Accuracy requirements may dictate that more than one set of angles and distances is measured to each point. Some examples are distances over 600 feet, adverse weather conditions, and steep observations.
Atmospheric Corrections in Total Station
Meteorological data corrections to observed EDM slope distances may be significant over longer distances. Usually for most topographic surveying over short distances, nominal (estimated) temperature and pressure data is acceptable for input into the data collector. Instruments used to measure atmospheric temperature and pressure must be periodically calibrated. This would include psychrometers and barometers.
Optical Plummet Errors
The optical plummet or tribrachs must be periodically checked for misalignment. This would include total stations with laser plummets.
Adjustment of Prism Poles
When using prism poles, precautions should be taken to ensure accurate measurements. A common problem encountered when using prism poles is the adjustment of the leveling bubble. Bubbles can be examined by establishing a check station under a doorway in the office.
First, mark a point on the top of the doorway. Using a plumb bob, establish a point under the point on the doorway. If possible, use a center punch to make a dent or hole in both the upper and lower marks. The prism pole can now be placed into the check station and easily adjusted.
The two most common errors are reading an angle incorrectly and/or entering incorrect information into the field book. Another common (and potentially disastrous) error is an incorrect instrument or rod height.
Although electronic data collection has all but eliminated these errors, it is still possible for the surveyor to identify an object incorrectly, make a shot to the wrong spot, or input a bad target height (HR) or HI.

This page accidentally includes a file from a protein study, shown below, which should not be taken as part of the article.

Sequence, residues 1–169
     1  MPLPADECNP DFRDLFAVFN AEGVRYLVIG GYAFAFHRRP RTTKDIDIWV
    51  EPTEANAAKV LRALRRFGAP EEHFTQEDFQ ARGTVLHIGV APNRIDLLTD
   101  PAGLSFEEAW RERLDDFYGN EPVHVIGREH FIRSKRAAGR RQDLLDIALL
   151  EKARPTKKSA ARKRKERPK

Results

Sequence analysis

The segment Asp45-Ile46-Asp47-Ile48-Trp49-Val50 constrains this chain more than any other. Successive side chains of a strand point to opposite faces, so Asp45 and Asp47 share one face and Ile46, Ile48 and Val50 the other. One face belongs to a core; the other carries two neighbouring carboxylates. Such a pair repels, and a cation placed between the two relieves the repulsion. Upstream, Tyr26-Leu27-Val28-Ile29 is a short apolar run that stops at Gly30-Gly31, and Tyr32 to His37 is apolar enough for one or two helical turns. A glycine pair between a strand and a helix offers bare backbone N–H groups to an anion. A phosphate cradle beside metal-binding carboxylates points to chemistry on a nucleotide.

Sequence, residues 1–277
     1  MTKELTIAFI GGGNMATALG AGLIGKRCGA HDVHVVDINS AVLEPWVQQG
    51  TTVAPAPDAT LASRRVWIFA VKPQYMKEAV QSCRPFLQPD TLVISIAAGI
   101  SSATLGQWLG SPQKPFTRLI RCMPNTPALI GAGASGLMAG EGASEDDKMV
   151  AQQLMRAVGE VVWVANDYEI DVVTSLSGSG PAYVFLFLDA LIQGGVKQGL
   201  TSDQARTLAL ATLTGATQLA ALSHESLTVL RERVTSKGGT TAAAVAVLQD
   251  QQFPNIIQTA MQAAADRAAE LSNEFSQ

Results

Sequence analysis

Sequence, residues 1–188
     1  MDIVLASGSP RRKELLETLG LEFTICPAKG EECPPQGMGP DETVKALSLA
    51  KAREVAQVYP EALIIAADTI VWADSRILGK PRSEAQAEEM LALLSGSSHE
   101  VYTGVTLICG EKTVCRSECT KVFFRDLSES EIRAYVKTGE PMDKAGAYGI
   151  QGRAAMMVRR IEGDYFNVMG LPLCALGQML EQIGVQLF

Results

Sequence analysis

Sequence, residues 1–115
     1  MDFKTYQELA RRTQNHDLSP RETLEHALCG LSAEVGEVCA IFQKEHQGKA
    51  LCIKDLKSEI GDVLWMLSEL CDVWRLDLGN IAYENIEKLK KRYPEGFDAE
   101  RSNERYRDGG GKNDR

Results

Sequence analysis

For example, if the surveyor normally shoots a fire hydrant at the ground level, but for some reason shoots it on top of the operating nut, erroneous contours would result if the program recognized the fire hydrant as a ground shot and was not notified of this change in field procedure.
As a rule, a surveyor will turn a doubled angle for move-ahead, traverse points, property corners, or other objects that require greater accuracy. On the other hand, single angles are all that are required for topographic shots. Refer to the total station operating instructions for repeating angle methods where required.
Slope to Grid and Sea Level EDM Corrections
Slope distances will be reduced to horizontal distances in the data collector, and then reduced to a grid distance if a grid scale factor (or combined scale sea level factor) is input into the data collector.
For most topographic survey applications involving short side shots, the grid scale factor is ignored (e.g., 1.000 is used). This would not be correct for control traverses covering larger distances. Scale factors can be obtained directly in CORPSCON.
All EDM instruments should be periodically (at least annually) checked over a NGS Calibration Baseline or a baseline established by local state surveying societies.